The most challenging part of breastfeeding for me, by far, was going back to work. On day one back at work, not only was I worried about leaving my baby, but I also had to produce food for him in a bit of a weird place to be doing so.
One important thing to note: by law (thanks to the ACA), employers with over 50 employees must provide a place for a mother to breastfeed her baby that is not a restroom. Details can be found on the US Department of Labor Website. They also must provide you with the time to breastfeed (although I don't think they have to pay you, I'm salaried, so I don't know).
Anyway, I checked with my HR representative before I left for maternity leave and made sure things were on the up and up from that perspective. She had a spare office ready for me when I got back to work. It was not 100% ideal, but better than the worst I've heard of. I would definitely recommend talking to your HR representative before leaving on maternity leave. Some of my previous employers had a designated room for nursing moms rather than a makeshift place like mine had. One of my employers had a really nice room with a comfortable reclining armchair, table and its own fridge. My office that I used to pump had a round table and four chairs, a file cabinet, and a lamp. The lamp was stolen about 4 months after I went back to work.
I had my fair share of issues when I got back to work. One of my fellow employees found it amusing to knock on the door while I was pumping, even though he knew I was in there and what I was doing. After I caught him doing it, he stopped. I think he might be the same guy who stole the lamp. I had trouble with people from other locations trying to squat in the office for the day, until finally I started locking the door all the time.
I was lucky that I was able to keep up with producing enough milk for Owen during the time that I pumped. I have a few tips that I think really helped me:
- Get lots of rest, and stay hydrated. These aren't the be all -end all of making things work, but I know that the more rest I would get, the more I would produce.
- Don't skip pumping sessions. If you have a plan that is working for you, stay on schedule. Make it a priority. Put it on your calendar so that others cannot schedule that time. Set an alarm.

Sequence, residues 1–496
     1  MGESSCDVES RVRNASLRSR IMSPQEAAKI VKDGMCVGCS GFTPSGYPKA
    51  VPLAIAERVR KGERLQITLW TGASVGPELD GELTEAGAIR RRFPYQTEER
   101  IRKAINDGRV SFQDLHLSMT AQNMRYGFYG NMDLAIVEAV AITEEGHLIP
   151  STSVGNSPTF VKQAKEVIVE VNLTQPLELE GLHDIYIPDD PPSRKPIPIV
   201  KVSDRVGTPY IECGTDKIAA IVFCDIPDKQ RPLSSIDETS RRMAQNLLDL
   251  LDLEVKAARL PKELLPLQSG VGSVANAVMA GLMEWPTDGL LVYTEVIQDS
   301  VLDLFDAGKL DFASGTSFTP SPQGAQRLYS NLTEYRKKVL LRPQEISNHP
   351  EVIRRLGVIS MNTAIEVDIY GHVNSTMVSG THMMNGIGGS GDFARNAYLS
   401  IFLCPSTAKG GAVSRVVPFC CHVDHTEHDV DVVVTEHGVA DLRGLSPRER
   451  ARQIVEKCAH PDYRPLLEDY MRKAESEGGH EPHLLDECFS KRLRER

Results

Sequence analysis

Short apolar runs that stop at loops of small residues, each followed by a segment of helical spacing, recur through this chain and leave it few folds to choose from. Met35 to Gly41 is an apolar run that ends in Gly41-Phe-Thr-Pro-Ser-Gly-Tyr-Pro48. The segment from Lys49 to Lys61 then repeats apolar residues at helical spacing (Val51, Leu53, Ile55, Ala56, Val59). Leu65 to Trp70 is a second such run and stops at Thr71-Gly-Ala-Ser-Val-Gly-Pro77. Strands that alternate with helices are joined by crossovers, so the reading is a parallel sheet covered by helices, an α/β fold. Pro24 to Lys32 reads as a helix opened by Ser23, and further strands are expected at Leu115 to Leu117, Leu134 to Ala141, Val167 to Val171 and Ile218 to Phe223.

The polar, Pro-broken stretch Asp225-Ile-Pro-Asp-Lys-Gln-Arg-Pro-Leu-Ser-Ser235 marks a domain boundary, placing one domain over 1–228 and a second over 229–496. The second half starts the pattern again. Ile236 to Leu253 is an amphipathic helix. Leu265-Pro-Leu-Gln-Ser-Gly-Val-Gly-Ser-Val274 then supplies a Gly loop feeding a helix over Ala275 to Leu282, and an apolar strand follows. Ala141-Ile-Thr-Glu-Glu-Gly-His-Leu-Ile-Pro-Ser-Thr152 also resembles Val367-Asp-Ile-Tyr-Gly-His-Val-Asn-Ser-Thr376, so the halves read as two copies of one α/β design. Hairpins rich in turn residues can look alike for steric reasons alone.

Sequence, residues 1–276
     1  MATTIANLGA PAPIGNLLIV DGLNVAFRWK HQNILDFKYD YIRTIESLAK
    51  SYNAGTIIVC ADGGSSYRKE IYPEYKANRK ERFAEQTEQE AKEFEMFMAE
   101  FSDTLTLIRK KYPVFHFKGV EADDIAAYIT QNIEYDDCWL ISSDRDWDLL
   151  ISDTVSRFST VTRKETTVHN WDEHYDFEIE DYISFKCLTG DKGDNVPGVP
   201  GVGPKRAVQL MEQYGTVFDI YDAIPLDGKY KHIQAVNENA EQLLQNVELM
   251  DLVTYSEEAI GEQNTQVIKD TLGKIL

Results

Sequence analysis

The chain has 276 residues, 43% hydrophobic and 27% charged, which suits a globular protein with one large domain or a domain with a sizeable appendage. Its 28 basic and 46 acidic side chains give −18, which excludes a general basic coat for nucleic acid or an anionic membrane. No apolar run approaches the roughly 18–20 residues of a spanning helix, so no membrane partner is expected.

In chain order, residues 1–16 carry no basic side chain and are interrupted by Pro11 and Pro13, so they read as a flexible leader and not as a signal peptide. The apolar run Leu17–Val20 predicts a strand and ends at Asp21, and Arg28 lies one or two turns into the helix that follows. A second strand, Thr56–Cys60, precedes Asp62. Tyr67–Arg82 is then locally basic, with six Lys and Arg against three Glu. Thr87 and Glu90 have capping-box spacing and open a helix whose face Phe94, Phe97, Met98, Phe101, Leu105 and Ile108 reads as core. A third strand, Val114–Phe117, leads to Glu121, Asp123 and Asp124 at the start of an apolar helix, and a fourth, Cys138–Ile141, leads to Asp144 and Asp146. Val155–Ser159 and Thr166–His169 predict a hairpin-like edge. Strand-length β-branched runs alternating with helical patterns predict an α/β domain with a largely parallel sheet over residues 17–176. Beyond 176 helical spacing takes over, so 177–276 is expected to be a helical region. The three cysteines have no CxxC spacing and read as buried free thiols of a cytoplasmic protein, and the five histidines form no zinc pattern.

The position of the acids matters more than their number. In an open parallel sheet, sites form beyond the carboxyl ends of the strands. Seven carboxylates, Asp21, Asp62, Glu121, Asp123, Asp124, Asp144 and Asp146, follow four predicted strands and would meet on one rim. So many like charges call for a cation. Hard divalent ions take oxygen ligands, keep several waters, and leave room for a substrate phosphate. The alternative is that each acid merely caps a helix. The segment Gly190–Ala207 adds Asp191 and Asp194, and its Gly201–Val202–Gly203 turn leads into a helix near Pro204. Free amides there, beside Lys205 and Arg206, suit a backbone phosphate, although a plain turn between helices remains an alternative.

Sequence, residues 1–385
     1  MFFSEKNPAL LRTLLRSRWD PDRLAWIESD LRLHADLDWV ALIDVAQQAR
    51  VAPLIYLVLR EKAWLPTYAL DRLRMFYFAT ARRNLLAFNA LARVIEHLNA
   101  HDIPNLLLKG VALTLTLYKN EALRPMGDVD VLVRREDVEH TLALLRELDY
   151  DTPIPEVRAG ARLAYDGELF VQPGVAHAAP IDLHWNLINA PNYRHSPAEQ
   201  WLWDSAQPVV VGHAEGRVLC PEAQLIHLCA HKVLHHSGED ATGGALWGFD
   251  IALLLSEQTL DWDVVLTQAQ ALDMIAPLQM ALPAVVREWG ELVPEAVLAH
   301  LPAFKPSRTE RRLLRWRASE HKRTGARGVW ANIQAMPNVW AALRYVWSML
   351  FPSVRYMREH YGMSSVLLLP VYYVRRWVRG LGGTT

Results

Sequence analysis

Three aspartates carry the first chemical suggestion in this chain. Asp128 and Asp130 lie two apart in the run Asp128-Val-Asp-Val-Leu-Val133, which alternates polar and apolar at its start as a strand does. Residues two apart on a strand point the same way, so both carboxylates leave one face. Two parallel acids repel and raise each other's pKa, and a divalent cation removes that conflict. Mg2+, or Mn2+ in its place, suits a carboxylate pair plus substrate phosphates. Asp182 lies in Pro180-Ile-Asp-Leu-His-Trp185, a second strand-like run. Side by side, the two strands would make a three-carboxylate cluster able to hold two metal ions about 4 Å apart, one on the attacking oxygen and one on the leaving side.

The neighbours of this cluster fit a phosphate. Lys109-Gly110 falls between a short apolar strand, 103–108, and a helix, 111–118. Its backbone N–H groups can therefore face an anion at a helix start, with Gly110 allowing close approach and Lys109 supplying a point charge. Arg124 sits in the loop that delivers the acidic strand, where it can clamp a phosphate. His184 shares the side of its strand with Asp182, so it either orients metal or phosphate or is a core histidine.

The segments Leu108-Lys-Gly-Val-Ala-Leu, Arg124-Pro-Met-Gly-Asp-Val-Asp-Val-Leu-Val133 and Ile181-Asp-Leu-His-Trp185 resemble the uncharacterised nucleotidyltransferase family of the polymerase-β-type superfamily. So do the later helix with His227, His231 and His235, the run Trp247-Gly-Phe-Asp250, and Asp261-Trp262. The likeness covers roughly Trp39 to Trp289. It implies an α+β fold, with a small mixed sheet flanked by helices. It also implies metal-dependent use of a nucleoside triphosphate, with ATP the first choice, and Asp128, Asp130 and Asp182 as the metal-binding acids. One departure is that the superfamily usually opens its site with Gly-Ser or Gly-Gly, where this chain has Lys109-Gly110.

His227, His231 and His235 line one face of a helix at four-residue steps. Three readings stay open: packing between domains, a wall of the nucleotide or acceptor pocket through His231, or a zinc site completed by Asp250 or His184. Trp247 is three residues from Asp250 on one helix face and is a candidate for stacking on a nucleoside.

- Make sure you're nursing whenever you can when you're with your baby. I have to admit, I made it a huge priority to make sure that I was always with Owen when I wasn't at work so that I could nurse him. Nursing keeps your supply up better than pumping, so make use of that if you can.
- Don't let daycare try and tell you to bring in more and more milk! This is HUGE. Daycare is used to formula fed infants, and they will try and tell you that your baby is hungry and needs more and more milk. I fought this over and over and worked with them. He would drink the bottle so fast and would cry when it was gone. But, I never sent in more than 9oz per day for him. In general, breastfed babies need 1oz per hour of separation. Kellymom.com has an excellent page on this, complete with a calculator for figuring out how much milk your baby needs. Personally, I think this expectation of more, more, more is what sabotaged many of the working moms that I know who gave up pumping early.
- Don't increase the nipple size on the bottles. Breastfed babies east slower than formula fed babies and the slower they eat, the faster they'll get full. So, use the lowest flow nipples you can find, and don't ever increase them. Owen was still using newborn nipples at 12 months. I mean, your own nipples don't change the flow, right?
My biggest tip? It's fine to breastfeed part time if you want to. At 12 months, I weaned from the pump and by the end of June, I was not pumping at work anymore at all (a WONDERFUL relief!). However, I still nurse Owen before bed and in the morning (and if he wakes up during the night). I also nurse him twice more during the day on weekends or if he's home from school. Yes, I still make milk (many friends have asked). Owen drinks whole cows milk from bottles at daycare now.
I hope that my posts on breastfeeding have been helpful. I loved reading about peoples experiences when I was in the thick of breastfeeding, because it made me feel a little less like the only person in the world who was not planning to give formula to my baby ever. Hopefully you learned something!
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